Larrie was preceded in death by his sister, Nola Ford Restorff, brother Denny Ford, and his wife, Janice L. Ford.

When Jan passed he gave her half of his heart to hold until he could be with her again.

He is survived by son James Ford and wife Francis, daughter Deanna Ford, son David Ford and wife Barbi, daughter Tina Ford, son Tony Ford and wife Kara, and son Eric Ford and wife Holly.

That includes nine grandchildren and six great-grandchildren.

A private service with full military honors will be held to celebrate Larrie’s life.

In lieu of flowers, donations can be made in memory of Larrie Ford to the Coupeville Booster Club, PO Box 452, Coupeville, WA 98239, to continue his support to the youth of our community.

The family is especially grateful to those that have reached out and shared their love and stories of our father!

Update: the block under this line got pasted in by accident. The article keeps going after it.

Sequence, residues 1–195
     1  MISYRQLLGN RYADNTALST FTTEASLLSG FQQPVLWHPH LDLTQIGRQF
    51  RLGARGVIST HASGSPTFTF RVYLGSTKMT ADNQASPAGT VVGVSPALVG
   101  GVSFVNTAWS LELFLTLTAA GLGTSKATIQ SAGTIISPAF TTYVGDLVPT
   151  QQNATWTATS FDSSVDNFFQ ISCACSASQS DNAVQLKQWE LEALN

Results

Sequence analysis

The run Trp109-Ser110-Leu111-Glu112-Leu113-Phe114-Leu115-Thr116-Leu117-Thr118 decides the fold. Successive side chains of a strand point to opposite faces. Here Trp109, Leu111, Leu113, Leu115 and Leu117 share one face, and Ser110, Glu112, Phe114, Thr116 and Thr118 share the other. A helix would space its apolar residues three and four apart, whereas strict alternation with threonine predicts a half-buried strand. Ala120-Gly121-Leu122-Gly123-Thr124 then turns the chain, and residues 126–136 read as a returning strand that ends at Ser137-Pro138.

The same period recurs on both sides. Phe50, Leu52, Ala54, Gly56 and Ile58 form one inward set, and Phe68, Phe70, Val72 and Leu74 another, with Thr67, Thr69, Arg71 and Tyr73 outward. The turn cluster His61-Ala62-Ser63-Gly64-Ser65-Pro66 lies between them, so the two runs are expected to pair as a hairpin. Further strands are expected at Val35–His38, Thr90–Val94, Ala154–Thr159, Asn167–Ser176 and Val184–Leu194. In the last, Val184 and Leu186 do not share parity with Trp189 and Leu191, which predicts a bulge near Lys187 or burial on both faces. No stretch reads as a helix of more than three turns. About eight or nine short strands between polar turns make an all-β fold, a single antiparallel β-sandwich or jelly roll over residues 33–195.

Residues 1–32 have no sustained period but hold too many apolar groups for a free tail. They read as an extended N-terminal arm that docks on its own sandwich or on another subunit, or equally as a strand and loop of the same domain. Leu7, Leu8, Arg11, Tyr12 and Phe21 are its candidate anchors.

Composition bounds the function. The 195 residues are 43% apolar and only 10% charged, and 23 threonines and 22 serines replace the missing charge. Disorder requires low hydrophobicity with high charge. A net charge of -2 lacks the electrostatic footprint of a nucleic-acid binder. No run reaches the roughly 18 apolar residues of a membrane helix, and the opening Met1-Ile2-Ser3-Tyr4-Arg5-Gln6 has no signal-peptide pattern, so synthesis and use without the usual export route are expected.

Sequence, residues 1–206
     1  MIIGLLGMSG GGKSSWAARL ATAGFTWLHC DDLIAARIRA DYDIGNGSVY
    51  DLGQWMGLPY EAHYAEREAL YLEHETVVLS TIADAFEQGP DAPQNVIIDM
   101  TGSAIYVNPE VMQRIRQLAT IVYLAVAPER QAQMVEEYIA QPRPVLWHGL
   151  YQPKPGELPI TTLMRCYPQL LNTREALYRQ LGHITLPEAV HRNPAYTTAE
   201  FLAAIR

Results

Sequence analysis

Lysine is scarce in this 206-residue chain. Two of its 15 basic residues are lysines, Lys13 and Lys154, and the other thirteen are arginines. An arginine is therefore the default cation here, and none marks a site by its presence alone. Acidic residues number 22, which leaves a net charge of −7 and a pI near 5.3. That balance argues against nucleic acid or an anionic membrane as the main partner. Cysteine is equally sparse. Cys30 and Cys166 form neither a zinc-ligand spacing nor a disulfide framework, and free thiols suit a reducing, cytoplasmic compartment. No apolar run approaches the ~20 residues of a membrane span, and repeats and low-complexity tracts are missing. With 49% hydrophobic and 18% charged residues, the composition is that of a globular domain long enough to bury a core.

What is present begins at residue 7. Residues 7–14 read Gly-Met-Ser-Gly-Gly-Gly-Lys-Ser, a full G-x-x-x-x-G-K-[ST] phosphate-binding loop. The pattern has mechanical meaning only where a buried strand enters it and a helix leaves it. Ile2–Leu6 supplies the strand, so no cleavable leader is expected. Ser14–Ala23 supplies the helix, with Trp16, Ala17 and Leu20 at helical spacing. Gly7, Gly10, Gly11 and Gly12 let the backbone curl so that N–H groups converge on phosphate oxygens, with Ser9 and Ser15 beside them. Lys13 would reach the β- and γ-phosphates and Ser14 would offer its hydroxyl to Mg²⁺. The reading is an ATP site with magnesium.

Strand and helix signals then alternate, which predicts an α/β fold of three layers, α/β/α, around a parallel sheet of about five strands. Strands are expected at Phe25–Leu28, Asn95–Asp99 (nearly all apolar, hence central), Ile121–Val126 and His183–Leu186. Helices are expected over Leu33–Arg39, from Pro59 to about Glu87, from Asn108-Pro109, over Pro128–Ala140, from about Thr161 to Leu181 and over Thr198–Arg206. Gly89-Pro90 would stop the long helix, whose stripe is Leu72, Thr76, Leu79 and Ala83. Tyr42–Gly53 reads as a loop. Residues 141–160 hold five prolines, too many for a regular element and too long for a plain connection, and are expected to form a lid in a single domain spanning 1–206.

He was a great man!

Larrie with two of his six children, sons Tony (left) and David.

Read Full Post »

Go find a stamp and mail a card to former Coupeville track coach Larrie Ford as he recuperates in Seattle. (Photo courtesy David Ford)

I’m gonna need you to go find a stamp.

Then go send a card to former Coupeville High School track and field coach Larrie Ford as he continues to battle back after surgery.

Coach Ford, a fully-accredited member of the Coupeville Sports Hall of Fame, has moved to the Washington Care Center in Seattle after a three-month-plus stay at Careage.

That’s actually a huge positive, as he recovers from a leg amputation.

At the VA-contracted facility in Seattle, Coach Ford will be focusing on transitioning to the next stage of rehab as he works towards being able to have a prosthesis.

Both during his time at CHS and afterwards, he made a tremendous impact on the local sports community.

There was no project he wouldn’t support, and he put his money, time and spirit into everything he did.